why this cat so big
I want it. It’s a giant snuggley dumb cat
MLEM MLEM MLEM MLEM MLEM MLEM MLEM…..BOOP…..MLEM
saw it comin 100 miles away and I’m still dead
bonus bipper b4 sleep
I’m real tired of seeing skinny white kids painted as THE AVERAGE QUEER. Like please show me a curvy Indian agender kid from Brooklyn, a hispanic lesbian and her black girlfriend. A trans demisexual dude from Korea. GIVE ME SOMETHING OTHER THAN LANKY PALE PEOPLE WITH COLORFUL HAIR PLEASE GOD.
I will never stop linking to this article: Black People Make Up Largest Share of LGBT Community
Let’s stop pretending otherwise, OK Media?
tumblr didn’t ruin my life i was already a loser before i joined this website
The Doorway Effect: Why your brain won’t let you remember what you were doing before you came in here
I work in a lab, and the way our lab is set up, there are two adjacent rooms, connected by both an outer hallway and an inner doorway. I do most of my work on one side, but every time I walk over to the other side to grab a reagent or a box of tips, I completely forget what I was after. This leads to a lot of me standing with one hand on the freezer door and grumbling, “What the hell was I doing?” It got to where all I had to say was “Every damn time” and my labmate would laugh. Finally, when I explained to our new labmate why I was standing next to his bench with a glazed look in my eyes, he was able to shed some light. “Oh, yeah, that’s a well-documented phenomenon,” he said. “Doorways wipe your memory.”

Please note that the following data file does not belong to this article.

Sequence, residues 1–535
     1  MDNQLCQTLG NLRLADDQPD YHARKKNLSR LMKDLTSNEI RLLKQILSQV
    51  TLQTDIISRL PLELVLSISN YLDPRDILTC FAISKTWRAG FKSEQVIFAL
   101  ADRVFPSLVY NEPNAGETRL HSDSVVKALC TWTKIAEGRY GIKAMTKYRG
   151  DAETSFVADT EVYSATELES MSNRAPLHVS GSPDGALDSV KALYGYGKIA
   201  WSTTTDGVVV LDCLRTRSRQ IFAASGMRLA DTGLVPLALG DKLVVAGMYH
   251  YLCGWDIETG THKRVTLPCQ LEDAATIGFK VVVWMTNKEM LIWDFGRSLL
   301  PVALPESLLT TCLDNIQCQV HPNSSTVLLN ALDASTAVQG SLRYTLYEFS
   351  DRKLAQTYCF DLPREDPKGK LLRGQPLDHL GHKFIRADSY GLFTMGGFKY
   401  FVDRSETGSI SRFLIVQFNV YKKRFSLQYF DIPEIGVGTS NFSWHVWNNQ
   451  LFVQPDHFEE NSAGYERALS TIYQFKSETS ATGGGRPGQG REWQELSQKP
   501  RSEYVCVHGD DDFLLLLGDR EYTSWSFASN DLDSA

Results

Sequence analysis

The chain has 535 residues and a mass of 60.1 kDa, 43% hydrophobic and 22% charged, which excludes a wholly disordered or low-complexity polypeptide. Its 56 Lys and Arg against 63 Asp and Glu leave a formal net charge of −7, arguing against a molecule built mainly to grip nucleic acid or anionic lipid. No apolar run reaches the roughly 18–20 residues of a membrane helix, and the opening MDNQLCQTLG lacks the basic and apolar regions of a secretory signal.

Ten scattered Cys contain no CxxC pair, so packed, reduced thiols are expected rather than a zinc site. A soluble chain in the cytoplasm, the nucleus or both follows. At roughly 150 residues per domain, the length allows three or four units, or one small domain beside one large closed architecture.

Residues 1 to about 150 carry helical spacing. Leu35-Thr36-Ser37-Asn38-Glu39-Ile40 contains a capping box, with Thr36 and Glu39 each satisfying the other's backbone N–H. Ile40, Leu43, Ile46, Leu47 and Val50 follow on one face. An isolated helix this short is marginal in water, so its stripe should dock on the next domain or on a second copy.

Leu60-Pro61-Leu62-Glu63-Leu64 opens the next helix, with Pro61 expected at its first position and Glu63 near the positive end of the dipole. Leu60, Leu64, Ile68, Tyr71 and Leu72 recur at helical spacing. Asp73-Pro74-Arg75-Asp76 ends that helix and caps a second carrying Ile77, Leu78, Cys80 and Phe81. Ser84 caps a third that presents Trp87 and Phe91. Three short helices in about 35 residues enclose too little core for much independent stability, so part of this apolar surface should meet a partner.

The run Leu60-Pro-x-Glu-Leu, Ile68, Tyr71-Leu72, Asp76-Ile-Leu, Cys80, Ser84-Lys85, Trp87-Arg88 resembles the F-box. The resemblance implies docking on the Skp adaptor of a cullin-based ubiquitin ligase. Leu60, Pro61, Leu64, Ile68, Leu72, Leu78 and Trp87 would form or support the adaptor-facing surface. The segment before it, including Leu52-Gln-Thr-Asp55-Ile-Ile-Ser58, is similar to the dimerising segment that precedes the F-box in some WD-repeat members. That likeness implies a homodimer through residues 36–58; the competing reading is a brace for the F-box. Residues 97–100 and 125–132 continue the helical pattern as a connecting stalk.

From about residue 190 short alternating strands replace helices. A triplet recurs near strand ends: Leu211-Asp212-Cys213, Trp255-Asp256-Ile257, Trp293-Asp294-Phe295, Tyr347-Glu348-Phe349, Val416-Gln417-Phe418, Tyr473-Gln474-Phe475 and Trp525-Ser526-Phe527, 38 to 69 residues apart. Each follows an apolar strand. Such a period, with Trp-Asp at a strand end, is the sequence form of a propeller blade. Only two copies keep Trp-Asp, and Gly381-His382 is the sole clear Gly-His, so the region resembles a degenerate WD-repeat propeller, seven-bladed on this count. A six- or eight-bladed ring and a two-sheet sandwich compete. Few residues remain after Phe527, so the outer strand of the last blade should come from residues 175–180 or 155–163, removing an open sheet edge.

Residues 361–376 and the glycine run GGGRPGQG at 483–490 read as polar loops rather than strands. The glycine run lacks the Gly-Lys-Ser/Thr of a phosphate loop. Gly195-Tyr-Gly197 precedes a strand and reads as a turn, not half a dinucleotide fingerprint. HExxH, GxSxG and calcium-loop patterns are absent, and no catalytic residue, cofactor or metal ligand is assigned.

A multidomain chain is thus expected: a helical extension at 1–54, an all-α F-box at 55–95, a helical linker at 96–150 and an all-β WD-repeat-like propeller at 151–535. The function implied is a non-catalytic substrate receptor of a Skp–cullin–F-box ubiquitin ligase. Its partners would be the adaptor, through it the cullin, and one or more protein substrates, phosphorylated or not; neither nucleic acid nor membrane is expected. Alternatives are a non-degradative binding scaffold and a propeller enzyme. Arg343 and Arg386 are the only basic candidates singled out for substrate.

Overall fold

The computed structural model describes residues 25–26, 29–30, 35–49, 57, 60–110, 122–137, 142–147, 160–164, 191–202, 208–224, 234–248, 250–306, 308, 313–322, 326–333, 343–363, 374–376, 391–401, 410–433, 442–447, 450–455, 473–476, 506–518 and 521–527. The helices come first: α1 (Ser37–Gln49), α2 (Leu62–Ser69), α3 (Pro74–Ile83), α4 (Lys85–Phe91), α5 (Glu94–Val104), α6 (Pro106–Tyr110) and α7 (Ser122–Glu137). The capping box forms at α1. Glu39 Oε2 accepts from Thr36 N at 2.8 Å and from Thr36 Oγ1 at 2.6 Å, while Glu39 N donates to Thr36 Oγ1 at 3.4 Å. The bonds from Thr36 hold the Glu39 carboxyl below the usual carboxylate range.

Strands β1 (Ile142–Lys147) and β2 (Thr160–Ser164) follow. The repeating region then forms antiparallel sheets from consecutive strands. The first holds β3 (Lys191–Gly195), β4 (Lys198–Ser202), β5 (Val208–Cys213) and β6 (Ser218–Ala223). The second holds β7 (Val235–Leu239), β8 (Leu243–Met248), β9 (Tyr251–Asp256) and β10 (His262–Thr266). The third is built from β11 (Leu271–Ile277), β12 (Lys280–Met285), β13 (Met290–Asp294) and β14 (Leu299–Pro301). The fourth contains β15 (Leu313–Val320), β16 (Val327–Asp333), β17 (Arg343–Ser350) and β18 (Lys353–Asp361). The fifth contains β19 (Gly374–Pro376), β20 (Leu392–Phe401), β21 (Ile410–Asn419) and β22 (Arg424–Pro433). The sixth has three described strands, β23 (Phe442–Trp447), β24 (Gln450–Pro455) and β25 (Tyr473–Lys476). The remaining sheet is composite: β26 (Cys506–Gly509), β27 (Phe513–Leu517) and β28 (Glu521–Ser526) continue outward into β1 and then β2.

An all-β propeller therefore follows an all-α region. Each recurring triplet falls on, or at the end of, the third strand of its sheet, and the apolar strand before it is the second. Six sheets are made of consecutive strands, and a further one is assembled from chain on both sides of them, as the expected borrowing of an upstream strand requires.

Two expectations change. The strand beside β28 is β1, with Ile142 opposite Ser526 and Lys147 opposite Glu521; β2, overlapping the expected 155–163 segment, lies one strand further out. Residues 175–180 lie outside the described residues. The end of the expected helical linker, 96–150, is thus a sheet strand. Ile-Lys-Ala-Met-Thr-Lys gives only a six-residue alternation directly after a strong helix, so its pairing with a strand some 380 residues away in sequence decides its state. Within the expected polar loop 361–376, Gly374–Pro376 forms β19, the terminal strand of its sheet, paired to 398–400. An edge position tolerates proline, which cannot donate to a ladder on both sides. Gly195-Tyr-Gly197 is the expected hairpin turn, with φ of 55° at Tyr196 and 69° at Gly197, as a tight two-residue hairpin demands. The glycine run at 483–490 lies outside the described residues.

Being the gung-ho new science blogger that I am, I decided to investigate. And it’s true! Well, doorways don’t literally wipe your memory. But they do encourage your brain to dump whatever it was working on before and get ready to do something new. In one study, participants played a video game in which they had to carry an object either across a room or into a new room. Then they were given a quiz. Participants who passed through a doorway had more trouble remembering what they were doing. It didn’t matter if the video game display was made smaller and less immersive, or if the participants performed the same task in an actual room—the results were similar. Returning to the room where they had begun the task didn’t help: even context didn’t serve to jog folks’ memories.
The researchers wrote that their results are consistent with what they call an “event model” of memory. They say the brain keeps some information ready to go at all times, but it can’t hold on to everything. So it takes advantage of what the researchers called an “event boundary,” like a doorway into a new room, to dump the old info and start over. Apparently my brain doesn’t care that my timer has seconds to go—if I have to go into the other room, I’m doing something new, and can’t remember that my previous task was antibody, idiot, you needed antibody.
I finally learned why I completely space when I cross to the other side of the lab, and that I’m apparently not alone.
this is actually kind of great and it’s nice to know there’s something behind that constant spacing out whenever i enter a different place
FINALLY AN EXPLANATION
I have never thought about it in this context
that’s actually really, really creepy.
I once pointed this out to my mother and she just stared at me, in stunned silence for ages.
There will always be a girl who is less sober, less secure, with less friends walking in a darker part of town. I want her safe just as much as I want me safe.
u know when u wake up and u can’t remember ANYTHING specific about a dream that u had but u just have this vague FEELING from that dream… that fucks me up